In honor of her work and advocacy, AT3 Center News and Tips is mining Oak Hill and NEAT Center resources (among others) to create AT Tips for #SevenTimes. Each will highlight a tip, tool, or concept for improving communication and essential knowledge among persons with I/DD. After all …

Everyone Deserves A Voice and To Be Heard

  • Individuals with I/DD must have access to the knowledge they need to identify abuse and a way to speak about it.
  • Adults and children with complex communication needs are more vulnerable when they do not have a means for effective communication and/or the vocabulary to express what is wrong.
  • Persons with disabilities are made more vulnerable when they don’t have an understanding of social cues, and/or knowledge about bodies and sexuality.
  • Everyone is vulnerable to sexual abuse if they do not feel a right to control their own bodies, a right to choose touches, or if they lack the skills to self-advocate.

February’s AT Tip for #SevenTimes

For this introductory #SevenTimes post, we are highlighting three resources. Oak Hill emphasizes you do not need to be an expert in anything to get started ending this epidemic of sexual abuse. (Future AT Tips for #SevenTimes will zero-in on a quick useful takeaway and link back to this introductory blog.)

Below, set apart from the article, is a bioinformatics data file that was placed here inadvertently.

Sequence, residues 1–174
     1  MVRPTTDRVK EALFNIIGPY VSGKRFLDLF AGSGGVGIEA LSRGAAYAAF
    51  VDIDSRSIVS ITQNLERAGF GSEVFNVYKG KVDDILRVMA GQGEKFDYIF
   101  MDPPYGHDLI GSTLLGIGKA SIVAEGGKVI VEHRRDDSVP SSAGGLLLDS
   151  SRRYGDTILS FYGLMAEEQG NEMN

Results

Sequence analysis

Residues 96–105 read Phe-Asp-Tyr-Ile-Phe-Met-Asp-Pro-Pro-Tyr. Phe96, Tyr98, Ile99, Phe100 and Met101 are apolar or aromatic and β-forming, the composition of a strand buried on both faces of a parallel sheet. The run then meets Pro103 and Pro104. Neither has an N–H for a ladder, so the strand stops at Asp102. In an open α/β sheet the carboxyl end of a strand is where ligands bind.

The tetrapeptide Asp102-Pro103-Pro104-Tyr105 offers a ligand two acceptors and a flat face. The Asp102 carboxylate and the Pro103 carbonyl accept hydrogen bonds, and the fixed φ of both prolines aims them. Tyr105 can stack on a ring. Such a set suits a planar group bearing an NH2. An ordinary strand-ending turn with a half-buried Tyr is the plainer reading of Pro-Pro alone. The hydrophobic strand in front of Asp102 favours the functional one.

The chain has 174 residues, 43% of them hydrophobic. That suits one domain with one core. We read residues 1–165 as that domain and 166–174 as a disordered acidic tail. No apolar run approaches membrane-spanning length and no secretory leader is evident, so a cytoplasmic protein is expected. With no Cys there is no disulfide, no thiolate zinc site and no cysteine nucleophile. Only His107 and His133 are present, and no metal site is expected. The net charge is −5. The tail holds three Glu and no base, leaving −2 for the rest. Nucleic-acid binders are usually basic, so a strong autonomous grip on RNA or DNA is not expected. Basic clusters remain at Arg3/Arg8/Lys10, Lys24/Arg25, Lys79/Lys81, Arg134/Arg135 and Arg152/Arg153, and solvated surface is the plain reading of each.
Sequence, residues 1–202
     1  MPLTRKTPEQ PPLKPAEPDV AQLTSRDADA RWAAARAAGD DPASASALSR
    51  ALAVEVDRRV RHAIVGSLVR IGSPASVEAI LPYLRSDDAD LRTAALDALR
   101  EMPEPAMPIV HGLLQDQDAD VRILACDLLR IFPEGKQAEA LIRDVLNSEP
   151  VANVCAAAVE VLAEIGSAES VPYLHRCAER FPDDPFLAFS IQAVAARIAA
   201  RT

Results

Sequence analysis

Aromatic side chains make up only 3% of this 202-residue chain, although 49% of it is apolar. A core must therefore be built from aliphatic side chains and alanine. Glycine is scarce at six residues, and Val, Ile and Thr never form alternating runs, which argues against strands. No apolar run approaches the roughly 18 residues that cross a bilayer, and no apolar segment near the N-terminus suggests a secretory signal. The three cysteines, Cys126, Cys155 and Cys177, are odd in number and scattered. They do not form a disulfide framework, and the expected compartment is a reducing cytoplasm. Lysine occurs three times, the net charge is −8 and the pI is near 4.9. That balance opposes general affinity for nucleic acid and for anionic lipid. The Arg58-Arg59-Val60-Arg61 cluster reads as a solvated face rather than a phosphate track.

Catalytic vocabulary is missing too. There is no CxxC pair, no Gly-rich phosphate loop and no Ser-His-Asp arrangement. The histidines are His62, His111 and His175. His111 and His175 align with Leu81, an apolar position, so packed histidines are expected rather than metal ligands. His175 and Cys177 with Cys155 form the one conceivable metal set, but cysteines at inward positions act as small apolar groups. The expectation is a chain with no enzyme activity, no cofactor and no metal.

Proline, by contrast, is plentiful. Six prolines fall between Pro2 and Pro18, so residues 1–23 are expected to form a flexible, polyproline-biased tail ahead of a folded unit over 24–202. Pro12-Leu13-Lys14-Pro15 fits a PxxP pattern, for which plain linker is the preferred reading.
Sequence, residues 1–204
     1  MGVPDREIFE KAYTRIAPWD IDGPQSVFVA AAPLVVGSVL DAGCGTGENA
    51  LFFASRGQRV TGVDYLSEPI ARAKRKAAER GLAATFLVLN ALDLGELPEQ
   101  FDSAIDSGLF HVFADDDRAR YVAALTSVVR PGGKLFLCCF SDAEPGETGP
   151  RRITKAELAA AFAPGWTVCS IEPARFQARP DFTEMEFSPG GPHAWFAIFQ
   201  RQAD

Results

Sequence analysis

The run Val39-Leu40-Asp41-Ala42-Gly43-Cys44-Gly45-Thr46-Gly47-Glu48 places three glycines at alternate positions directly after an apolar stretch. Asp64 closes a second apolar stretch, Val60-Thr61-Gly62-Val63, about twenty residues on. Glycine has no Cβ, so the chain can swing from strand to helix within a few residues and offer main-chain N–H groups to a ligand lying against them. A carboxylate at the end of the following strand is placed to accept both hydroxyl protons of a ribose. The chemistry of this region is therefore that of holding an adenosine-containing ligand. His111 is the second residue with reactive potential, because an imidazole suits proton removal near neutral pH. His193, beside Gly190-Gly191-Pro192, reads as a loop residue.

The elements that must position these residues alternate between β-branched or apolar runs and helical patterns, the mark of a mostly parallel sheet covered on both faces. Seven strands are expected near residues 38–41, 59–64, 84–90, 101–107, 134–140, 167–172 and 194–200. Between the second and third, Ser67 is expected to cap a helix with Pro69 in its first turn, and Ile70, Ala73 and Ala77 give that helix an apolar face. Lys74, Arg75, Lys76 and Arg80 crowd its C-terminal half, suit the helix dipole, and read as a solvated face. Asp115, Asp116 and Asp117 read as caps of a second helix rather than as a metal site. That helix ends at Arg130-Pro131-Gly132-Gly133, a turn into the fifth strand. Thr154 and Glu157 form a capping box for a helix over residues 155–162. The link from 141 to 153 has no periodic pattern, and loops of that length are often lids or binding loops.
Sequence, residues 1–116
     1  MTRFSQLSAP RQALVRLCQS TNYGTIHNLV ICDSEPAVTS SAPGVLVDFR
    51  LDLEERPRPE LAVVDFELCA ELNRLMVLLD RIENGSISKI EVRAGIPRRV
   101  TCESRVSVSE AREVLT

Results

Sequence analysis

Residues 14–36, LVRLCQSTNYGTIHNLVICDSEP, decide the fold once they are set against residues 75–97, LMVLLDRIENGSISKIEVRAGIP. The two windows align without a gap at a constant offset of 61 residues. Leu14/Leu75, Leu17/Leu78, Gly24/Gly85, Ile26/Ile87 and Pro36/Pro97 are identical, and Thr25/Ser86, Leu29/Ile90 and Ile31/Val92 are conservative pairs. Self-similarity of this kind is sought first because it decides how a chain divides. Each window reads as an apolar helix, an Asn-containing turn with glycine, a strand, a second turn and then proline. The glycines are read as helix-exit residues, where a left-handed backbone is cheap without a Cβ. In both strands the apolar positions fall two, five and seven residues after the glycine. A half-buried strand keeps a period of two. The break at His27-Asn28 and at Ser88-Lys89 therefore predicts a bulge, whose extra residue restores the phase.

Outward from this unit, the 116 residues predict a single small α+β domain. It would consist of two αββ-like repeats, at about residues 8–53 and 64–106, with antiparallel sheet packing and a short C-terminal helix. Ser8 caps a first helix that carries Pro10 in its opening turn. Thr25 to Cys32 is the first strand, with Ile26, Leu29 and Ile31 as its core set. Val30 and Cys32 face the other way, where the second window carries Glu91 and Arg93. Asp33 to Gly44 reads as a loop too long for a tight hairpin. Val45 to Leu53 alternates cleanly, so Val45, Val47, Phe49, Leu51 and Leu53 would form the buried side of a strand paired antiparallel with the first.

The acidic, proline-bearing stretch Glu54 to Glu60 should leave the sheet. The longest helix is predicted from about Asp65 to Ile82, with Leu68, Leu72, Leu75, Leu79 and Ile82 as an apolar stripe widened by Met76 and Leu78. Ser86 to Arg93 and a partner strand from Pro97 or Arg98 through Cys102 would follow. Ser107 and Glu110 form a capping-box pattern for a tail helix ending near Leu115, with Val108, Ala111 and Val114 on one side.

One: Oak Hill’s Free Workbooks

Shows covers of 7 workbooks featuring smiling people.

Oak Hill’s free seven-workbook series provides prevention education (not crisis management) and is designed for individuals ages 18 and older. Each can be read on its own, but Oak Hill recommends reading them in order and starting with the Health Series. Also check out these free resources that compliment each workbook.

Health Series

Growing Up, The Life Cycle
Women’s Health
Men’s Health

Relationship and Safety Series

Say No! To Sex Abuse and Sexual Mistakes
Ten Tips for Healthy Relationships
Attractions and Safe Dating
Protection and Sexual Health

Two: NEAT Center’s Recorded Webinar

Preventing & Responding To Sexual Abuse Of People With I/DD (recorded November 19, 2020). Brenna Doyle, MA, MS, and Elena Fader, MA, CCC-SLP, Director of AT Services at Oak Hill’s NEAT Center, provide an introduction to the Positive Choices curriculum and Workbook series in partnership with The Arc Connecticut. They discuss adding symbol supports to main concepts, how to create new symbol-supported materials for enhanced understanding, as well as the critical role that augmentative and alternative communication (AAC) plays in supporting this population of individuals who are vulnerable to abuse.

Three: PrAACticalAAC Blog Post

Learning to Protest: 5 Considerations for AAC Intervention.” Carol Zangari’s tips for putting AAC to work empowering its users to assert for themselves.

A Final Thought

Individuals with I/DD are not responsible for being seven times more likely to be sexually abused than persons without disabilities. Environments and conditions that allow abuse to happen must be identified, confronted, and re-imagined in order to prevent abusive and exploitive behavior. Abusers must also be identified and experience consequences.